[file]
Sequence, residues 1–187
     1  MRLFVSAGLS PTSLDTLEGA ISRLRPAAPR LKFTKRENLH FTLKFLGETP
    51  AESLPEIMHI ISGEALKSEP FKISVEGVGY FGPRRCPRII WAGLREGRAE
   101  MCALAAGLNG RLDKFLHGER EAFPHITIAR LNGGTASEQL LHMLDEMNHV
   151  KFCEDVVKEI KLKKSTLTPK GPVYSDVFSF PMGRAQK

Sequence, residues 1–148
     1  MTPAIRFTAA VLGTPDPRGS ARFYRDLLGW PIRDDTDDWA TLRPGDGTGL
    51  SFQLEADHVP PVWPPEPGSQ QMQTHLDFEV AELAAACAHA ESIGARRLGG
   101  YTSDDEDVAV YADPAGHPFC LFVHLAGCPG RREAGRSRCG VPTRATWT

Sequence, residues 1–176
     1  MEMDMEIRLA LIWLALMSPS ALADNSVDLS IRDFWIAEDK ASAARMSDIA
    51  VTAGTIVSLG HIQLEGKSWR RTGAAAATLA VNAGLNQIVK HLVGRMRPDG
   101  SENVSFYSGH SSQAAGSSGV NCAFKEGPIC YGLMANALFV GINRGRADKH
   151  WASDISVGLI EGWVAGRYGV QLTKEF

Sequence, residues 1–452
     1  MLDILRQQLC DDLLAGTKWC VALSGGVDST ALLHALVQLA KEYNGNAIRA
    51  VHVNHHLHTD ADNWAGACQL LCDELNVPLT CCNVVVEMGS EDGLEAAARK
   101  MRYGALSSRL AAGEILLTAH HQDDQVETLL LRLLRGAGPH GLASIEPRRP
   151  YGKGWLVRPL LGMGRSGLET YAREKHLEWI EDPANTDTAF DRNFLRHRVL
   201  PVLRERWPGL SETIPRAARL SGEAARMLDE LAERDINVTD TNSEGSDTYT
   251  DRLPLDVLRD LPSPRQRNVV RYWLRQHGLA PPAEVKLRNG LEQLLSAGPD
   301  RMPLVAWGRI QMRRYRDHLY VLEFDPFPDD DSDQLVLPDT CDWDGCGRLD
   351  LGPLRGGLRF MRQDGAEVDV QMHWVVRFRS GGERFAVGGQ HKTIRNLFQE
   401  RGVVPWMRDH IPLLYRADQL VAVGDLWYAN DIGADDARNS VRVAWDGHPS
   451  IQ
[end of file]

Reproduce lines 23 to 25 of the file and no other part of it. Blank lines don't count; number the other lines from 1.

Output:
   351  LGPLRGGLRF MRQDGAEVDV QMHWVVRFRS GGERFAVGGQ HKTIRNLFQE
   401  RGVVPWMRDH IPLLYRADQL VAVGDLWYAN DIGADDARNS VRVAWDGHPS
   451  IQ